A bud tender holds two marijuana buds on his fingers on the way to a customer at the Denver Kush Club in north Denver. AP Photo/David Zalubowski

CHEYENNE – The group trying to get voters to decide whether to legalize medical marijuana in Wyoming will fall short of the state’s requirements to get the question on the 2016 ballot.

A spokeswoman with Wyoming chapter of the National Organization for the Reform of Marijuana Laws confirmed Monday that the group will not collect the necessary number of signatures by next week’s deadline.

Volunteers were only able to collect about 7,120 signatures, according to unofficial county-by-county tally provided by NORML.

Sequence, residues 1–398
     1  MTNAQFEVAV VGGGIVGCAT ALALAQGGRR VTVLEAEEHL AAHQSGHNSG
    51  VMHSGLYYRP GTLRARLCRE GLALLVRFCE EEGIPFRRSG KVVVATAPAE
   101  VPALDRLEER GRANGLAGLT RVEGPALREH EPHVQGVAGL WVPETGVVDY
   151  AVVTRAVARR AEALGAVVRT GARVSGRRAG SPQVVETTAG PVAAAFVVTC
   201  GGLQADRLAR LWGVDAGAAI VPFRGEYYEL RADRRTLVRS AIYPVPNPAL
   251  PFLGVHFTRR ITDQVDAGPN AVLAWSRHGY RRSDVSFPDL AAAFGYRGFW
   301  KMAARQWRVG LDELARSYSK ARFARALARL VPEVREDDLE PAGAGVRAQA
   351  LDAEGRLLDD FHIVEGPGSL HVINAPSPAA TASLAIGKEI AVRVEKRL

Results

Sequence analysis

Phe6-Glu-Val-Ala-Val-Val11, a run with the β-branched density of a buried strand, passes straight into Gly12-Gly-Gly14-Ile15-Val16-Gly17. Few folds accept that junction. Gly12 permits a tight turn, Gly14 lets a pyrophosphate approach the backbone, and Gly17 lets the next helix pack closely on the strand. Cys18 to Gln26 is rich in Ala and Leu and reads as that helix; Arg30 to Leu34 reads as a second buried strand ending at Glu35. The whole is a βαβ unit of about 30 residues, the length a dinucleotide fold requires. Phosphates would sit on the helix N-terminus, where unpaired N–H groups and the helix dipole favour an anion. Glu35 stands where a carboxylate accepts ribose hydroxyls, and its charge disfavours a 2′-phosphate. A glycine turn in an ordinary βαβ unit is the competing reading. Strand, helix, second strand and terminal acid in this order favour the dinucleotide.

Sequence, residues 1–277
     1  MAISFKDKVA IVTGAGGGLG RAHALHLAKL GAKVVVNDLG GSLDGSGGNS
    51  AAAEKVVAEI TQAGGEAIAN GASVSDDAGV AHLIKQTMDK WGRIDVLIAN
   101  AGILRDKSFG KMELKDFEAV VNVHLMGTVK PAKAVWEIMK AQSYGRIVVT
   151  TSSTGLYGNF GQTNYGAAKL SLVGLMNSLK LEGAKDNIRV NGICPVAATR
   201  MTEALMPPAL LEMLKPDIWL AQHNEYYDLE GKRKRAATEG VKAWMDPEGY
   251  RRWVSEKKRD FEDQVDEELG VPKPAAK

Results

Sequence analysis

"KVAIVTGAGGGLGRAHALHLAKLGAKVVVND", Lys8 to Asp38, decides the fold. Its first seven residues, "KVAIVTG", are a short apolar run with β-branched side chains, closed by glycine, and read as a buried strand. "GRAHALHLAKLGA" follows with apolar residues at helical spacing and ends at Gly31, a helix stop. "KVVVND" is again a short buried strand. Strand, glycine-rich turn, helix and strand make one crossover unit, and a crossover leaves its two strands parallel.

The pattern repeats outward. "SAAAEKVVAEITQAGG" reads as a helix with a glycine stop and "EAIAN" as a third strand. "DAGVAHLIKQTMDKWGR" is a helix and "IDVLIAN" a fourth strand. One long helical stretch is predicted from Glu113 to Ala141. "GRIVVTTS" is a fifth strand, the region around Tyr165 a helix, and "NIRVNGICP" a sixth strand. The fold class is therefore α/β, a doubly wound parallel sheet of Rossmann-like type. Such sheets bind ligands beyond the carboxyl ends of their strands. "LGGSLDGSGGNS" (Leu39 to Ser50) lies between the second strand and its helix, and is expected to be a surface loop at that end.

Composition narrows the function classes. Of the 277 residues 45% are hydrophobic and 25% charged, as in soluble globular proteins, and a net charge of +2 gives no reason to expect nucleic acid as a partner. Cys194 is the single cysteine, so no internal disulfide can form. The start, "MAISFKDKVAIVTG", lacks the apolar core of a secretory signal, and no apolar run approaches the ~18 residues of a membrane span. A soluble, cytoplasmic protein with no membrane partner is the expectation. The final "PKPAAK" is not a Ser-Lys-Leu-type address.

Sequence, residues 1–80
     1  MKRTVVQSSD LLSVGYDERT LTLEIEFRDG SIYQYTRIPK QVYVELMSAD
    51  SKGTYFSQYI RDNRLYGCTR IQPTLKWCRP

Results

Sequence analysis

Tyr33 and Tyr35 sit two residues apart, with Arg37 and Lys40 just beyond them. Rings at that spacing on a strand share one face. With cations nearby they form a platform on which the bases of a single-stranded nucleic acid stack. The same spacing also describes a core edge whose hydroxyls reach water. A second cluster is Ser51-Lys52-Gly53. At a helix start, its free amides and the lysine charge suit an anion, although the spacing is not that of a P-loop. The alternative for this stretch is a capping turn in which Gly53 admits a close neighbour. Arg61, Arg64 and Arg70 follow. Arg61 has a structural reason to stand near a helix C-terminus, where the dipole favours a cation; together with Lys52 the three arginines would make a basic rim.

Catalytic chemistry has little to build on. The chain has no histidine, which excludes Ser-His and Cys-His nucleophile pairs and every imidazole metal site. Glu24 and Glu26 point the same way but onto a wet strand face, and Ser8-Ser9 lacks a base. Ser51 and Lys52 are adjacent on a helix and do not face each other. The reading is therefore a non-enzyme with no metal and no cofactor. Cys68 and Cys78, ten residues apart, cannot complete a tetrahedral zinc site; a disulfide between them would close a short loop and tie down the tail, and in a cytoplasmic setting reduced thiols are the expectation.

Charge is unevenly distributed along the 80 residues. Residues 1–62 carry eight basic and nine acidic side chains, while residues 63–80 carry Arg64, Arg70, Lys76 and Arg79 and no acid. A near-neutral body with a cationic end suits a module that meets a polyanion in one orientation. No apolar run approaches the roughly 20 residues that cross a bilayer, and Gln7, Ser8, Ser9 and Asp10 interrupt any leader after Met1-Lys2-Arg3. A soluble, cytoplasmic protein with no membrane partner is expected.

That amount is just over one-quarter of the nearly 25,600 signatures of registered voters that the state requires for a citizen-led initiative to make the ballot.

But supporters are hoping they will be able to get the question on the 2018 ballot.

To do that, organizers will need to collect the necessary signatures by early 2017.

Wyoming NORML members said the group faced an uphill battle given the state’s stringent requirement for citizen-led initiatives to make the statewide ballot.

The organization also faced internal struggles during the past several months that eventually led to the resignation of its former director.

Read more about what comes next for the push to legalize medical marijuana in Tuesday’s Wyoming Tribune Eagle and at

Trevor Brown is the Wyoming Tribune Eagle’s state government and military reporter. He can be reached at or 307-633-3121. Follow him on Twitter @tbrownwyo.

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